Throughout the past few years, many new bands have been tabbed as the hot, new "it" band, but perhaps none have been tabbed so frequently as MuteMath as the latest "must-see" live act.
Publications ranging from Blender and Spin to Rolling Stone have heaped praise on the band for its recordings as well as its electric live show, which definitely puts a new spin on the group's work.
As much as I am enamored with the band's recordings, the live show is that much better.
Perhaps what is so amazing is that for all of the layering and electronic experimentalism that the band worked into its self-titled, 2006 full-length debut, the band was able to not only recreate but build upon that with its live show.
After an extended break, MuteMath has recently reemerged with a new disc, Armistice, which builds upon the strength of its predecessor, MuteMath, and pushes the band forward.
As such, the band is back on the road in support of the new album, with a headlining tour that stops at Cain's Ballroom Saturday, Oct. 24.
"This is the first time we've ever gone out with new songs and old songs," said lead vocalist and keyboardist Paul Meany. "Before, we just had 'songs' with a few new ideas, so this has been exhilarating for us and a good experience."
While the idea of going out with new material might not seem like a big deal to some, the idea of incorporating a new repertoire of material into the live show, proved to be more daunting for the band than initially expected.
"We toured for three years for the last record and our live show had evolved into this 'thing,' for lack of a better word," Meany said. "So to incorporate new songs into this 'thing' proved to be a real challenge."
Although the band took extensive time to rehearse before hitting the road, it eventually realized that it could only push itself so far in a sheltered setting. In order to make things work, it would have to go out and take a new risk while touring, in hope that the audience would connect with the new material.
Perhaps the hesitation within the band comes from the fact that none of the new songs had previously played for a live audience.
According to Meany: "We tried to do the responsible thing and be productive and write new songs while we were out on tour, so we were constantly working on new ideas. We had no reason to believe the ideas we had road tested couldn't turn into a new record."
Once MuteMath got off the road, however, Meany said the band went into a tailspin of sorts. The group rented a house for three months with intentions of recording the new album and being done with it.
It ran into a barrier, however, when it couldn't record anything that everyone liked. Eventually, the group sought an outside producer to help it overcome its barriers in the studio and ended up starting over.
"The producer we were talking to finally said we needed to scrap it all and that it was probably causing all this tension because the songs really weren't all that good," Meany said. "It took us a little while to wrap our heads around that, but he was right."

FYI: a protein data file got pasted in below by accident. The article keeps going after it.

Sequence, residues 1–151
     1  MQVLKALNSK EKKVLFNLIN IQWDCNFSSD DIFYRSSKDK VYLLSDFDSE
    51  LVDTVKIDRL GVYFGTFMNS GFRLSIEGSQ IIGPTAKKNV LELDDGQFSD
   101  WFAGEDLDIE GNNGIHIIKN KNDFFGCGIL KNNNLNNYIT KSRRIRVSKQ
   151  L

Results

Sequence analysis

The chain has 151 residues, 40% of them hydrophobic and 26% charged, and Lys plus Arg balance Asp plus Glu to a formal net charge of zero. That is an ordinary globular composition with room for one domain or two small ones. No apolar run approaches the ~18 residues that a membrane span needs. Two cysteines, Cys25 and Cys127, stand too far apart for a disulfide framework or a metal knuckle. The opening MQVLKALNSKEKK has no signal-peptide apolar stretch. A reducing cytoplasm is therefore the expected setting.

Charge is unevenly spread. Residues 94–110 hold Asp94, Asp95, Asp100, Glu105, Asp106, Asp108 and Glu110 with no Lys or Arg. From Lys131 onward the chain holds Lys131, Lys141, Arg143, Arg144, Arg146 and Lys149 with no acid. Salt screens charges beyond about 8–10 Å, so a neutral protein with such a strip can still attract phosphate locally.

In the end, the band started from scratch and came up with new ideas and trusted that the band's chemistry would guide it in the right direction.
Although the fresh start meant that the band had passed all of its deadlines, in the end Meany is convinced that it turned out a much better record.
"Before, we had always gone back and forth between recording and touring, recording and touring," Meany said, "So we were kind of frustrated by the process this time.
We had never turned out any music that we hadn't already road tested."
In retrospect, the new disc isn't a huge departure in sound for the band; although it does definitely build on the foundation of the band's previous work, while expanding the layers and electronic experimentalism a bit.
Lyrically, however, the band has made great strides forward as Meany turned out some of his most internally reflective work to date. Perhaps the struggle of the creative process worked its way into the disc with its darker tone, but that doesn't make the sentiments of relationships falling apart on "Backfire" and "Armistice" any less powerful.
With the challenges of writing and recording now behind them, the band is now back out on the road and working through the challenge of incorporating the new songs.
Although the band might have been unsure from the outset, initial reviews and fan reaction have been overwhelmingly positive. If anything, the new material might be adding a fresh electricity to the live performances as the group works to make it all interweave appropriately.
After all, as well as the group's music has been received, the real accolades have come from its live show where the band only builds on the intricacies of its recordings. The group's live chemistry is even more amazing as the members feed off each other as well as the audience and incorporate a spontaneous, improvisational touch to each song, which in turn reenergizes the crowd.
Whether playing in small clubs or to large audiences, as the group just did at the Austin City Limits Festival and will coming up at New Orleans' VooDoo Fest, the band always seems to get the crowd involved in the exchange of creative electricity.
Saturday night's show at Cain's Ballroom will be no different. If anything, it should be further proof that MuteMath is definitely one of the few "must see" live acts currently touring.
As the group challenges itself with incorporating the new material from Armistice, Meany said, "Now is a good time to see the band in a state of transition."
Transition or not, MuteMath continues to evolve with every performance, and I have no doubt this show will be every bit as impressive as the last.
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